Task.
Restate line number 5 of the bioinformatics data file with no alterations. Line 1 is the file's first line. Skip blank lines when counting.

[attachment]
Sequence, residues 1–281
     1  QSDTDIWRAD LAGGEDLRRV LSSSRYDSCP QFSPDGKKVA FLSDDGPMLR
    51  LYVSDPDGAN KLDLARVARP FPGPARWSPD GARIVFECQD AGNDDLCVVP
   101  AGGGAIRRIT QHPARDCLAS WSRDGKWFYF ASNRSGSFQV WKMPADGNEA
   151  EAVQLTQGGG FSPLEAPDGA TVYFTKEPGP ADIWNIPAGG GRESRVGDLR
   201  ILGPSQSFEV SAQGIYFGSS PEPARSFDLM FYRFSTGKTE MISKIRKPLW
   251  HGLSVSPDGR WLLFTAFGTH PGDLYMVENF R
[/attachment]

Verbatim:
   151  EAVQLTQGGG FSPLEAPDGA TVYFTKEPGP ADIWNIPAGG GRESRVGDLR